Journ Student Jess

Student journalist looking for feedback on assignments and journalism in general

Things to Remember When Interviewing Children (Youth, too)

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Ashlyn McGregor, a 9-year-old third grader, gets a kiss from her mother Christina after performing Miley Cyrus’ “The Climb” at the Shields Elementary talent show. Ashlyn, who is diagnosed with Autism Spectrum Disorder, had always wanted to perform in the show.
Photo Credit | Clay Lomneth for MLive.com

One of my favorite groups of people to interview also happen to be one of the most difficult to communicate with. Not that kids don’t love to talk; sometimes you can’t get them to stop. Every once in awhile, an assignment comes up that presents a challenge for either the subject or interviewer. That happened to me when a freelance writer in the area passed along some information to my editor, and I was sent to Shields Elementary in Saginaw to see a 9-year-old student overcome her own challenges.

Her name was Ashlyn and she shocked me from the get-go. Although I knew beforehand she was diagnosed with autism spectrum disorder (or autism, for short) at a young age, I would not have believed it after meeting her. After singing along to Miley Cyrus’s “The Climb,” she received hugs from many of her classmates who were on stage to support her, closing out the end-of-year talent show. It was a rousing success, as the whole school cheered, her mother cried, and I forgot my worries the accompanying photographer taking video would possibly interrupt the performance.

She took me by surprise at first when I watched her hug her mom, who pointed me out and said I was the reporter who wanted to ask her a few questions. I knew enough about autism not to expect any type of physical contact, though I usually shake kid’s hands if they seem friendly (their responses get me every time.) Ashlyn walked right up to, threw her arms around me and thanked me for being there, while I quickly tried to pick my jaw up from the floor.

I didn’t want to keep her from celebrating with her classmates and family, so after a quick interview (and a fast handshake) I was out the door and climbing into my car as children hopped into school buses all around me. After walking out the doors of Shields Elementary and quickly gathering my thoughts, I sat and smiled for a minute, knowing I had just learned one of the fundamental things about interviewing kids- you will never cease to be surprised.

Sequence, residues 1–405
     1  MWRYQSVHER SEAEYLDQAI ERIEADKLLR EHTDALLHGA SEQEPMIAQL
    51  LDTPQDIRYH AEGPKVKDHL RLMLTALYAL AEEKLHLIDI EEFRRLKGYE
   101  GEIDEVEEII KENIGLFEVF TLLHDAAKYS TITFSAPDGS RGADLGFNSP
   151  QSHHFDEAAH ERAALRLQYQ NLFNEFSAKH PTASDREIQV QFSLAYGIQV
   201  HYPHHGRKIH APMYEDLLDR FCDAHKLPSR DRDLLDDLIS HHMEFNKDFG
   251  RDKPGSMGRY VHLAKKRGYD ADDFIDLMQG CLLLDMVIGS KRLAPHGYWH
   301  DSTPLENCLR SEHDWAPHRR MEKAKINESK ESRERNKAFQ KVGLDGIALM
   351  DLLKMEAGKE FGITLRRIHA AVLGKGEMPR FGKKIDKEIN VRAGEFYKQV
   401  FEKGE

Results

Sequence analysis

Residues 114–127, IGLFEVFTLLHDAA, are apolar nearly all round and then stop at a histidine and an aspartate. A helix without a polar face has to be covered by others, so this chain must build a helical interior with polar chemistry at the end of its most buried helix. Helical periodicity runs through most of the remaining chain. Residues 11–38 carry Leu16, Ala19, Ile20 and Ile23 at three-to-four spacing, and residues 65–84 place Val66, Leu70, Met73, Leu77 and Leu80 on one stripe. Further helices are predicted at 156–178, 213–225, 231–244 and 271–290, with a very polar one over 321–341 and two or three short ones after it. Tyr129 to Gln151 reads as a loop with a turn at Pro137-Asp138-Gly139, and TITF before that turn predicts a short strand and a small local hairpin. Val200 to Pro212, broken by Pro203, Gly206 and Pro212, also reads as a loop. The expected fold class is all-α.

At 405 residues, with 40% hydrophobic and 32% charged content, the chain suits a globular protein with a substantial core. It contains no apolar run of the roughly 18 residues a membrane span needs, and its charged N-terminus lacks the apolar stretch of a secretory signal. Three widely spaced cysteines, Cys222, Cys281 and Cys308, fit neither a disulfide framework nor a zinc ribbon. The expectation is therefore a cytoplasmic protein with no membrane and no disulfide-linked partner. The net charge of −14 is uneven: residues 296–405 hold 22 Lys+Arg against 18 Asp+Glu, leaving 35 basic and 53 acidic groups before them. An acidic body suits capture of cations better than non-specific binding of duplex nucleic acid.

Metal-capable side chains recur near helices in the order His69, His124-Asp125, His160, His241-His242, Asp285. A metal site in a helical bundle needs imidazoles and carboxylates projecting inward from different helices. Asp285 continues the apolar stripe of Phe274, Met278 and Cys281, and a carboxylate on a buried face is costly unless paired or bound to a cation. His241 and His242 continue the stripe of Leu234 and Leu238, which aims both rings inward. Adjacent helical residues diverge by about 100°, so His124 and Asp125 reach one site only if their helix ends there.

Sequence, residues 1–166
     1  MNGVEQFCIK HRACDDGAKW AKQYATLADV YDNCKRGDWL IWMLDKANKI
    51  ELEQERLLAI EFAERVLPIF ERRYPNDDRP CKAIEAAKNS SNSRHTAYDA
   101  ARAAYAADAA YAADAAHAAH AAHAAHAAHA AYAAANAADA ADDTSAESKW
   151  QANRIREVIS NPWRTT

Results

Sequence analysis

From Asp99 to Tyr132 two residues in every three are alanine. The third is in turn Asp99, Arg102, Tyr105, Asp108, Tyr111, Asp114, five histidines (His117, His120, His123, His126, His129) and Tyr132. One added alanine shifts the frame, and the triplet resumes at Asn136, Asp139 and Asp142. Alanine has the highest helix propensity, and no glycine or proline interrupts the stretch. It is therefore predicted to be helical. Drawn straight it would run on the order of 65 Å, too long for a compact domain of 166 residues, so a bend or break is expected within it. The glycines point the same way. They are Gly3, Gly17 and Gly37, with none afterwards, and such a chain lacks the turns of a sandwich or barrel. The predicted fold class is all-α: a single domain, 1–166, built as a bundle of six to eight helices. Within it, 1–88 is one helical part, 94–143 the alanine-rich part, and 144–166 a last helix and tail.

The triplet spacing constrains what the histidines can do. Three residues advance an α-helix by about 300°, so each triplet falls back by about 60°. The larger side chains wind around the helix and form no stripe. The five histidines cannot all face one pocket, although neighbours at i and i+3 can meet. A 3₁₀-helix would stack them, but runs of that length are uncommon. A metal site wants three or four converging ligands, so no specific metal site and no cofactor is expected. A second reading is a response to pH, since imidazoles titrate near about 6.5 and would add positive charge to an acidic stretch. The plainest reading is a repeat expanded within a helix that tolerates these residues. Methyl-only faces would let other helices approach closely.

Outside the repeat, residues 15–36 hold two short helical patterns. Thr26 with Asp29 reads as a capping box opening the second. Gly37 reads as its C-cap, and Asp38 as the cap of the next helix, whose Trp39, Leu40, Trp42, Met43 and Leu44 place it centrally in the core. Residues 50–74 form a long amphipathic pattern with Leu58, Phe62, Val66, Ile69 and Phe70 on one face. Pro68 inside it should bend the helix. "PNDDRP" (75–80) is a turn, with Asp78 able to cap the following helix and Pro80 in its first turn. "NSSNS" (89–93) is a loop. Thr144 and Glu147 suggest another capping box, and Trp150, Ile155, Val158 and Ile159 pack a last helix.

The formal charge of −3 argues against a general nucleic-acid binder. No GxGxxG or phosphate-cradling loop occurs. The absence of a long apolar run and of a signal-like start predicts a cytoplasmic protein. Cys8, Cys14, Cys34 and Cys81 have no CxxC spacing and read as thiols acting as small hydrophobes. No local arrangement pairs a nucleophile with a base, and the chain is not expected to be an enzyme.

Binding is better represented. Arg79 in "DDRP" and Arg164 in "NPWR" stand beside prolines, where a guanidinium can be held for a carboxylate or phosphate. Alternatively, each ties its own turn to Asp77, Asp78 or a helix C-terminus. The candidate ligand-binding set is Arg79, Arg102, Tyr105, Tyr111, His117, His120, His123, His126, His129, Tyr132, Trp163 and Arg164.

Just a week before, I spoke with 13-year-old Hannah about her love of spelling which has drawn her to national competitions. We talked about our mutual interest in science-fiction, her love of words and though she placed 43rd in the Scripps National Spelling Bee, she impressed me with the scope of her vocabulary and maturity. Though I only spoke with her over the phone while she is Washington, D.C. for the competition, we shared a few laughs and I learned more about interacting with teenagers.

In honor of Ashlyn and Hannah, here are a list of suggestions to keep in mind when interviewing children and even teenagers:

  1. Make sure the parents are involved: Especially if photographs are involved, guardians should be aware you are talking to their children and why. Be courteous, introduce yourself and make sure to let them know when they might see their kids published, they will appreciate it!
  2. Get down to their level: This is easy for me, being only 62 inches tall, but try your best to kneel, stoop, bend your knees or if they are pretty small, sit Indian-style on the ground with them. It helps maintain eye contact to get the little ones to focus on you and your questions, builds trust and even lends a bit of their perspective to the reporter.
  3. Stick with open-ended questions: Children tend to not elaborate, so try to use questions that build on their emotion. Many of the questions I asked of Ashlyn she answered yes or no, due to her autism, but talking about her experience performing and how she chose the song brought out her excitement and her talkative side. Save any serious questions for the parents, since children may just guess answers.
  4. Know when to take a break (in other words, be patient): Some kids have more energy than others and might not be able to sit still long enough for an interview. Try to be respectful of their schedules (like nap time or recess) and keep in mind children need more time to process information and have trouble with accuracy.
  5. Have fun: This should be a given. The great part about my job is meeting a lot of children, teenagers, even babies who I have written stories about. Interacting with kids is a wonderful experience, so be engaging and let yourself be engaged. Draw with chalk, go down the slide and laugh and smile. The story will be better for it, and you will too.

There it is, some more advice from a student journalist back in the newsroom. Check out these links if you are interested in reading about Ashlyn’s experience as an autistic student and watch her performance, or see Hannah spell local terms and talk about competing in a national spelling bee. Let me know what you think of this post, send along any tips you might add, and as always, thanks for reading.

Oh, here’s a picture of me with a fawn I wrote about for an assignment!
Photo Credit | Colleen Harrison

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Written by hayne2jr

June 13, 2013 at 3:22 am

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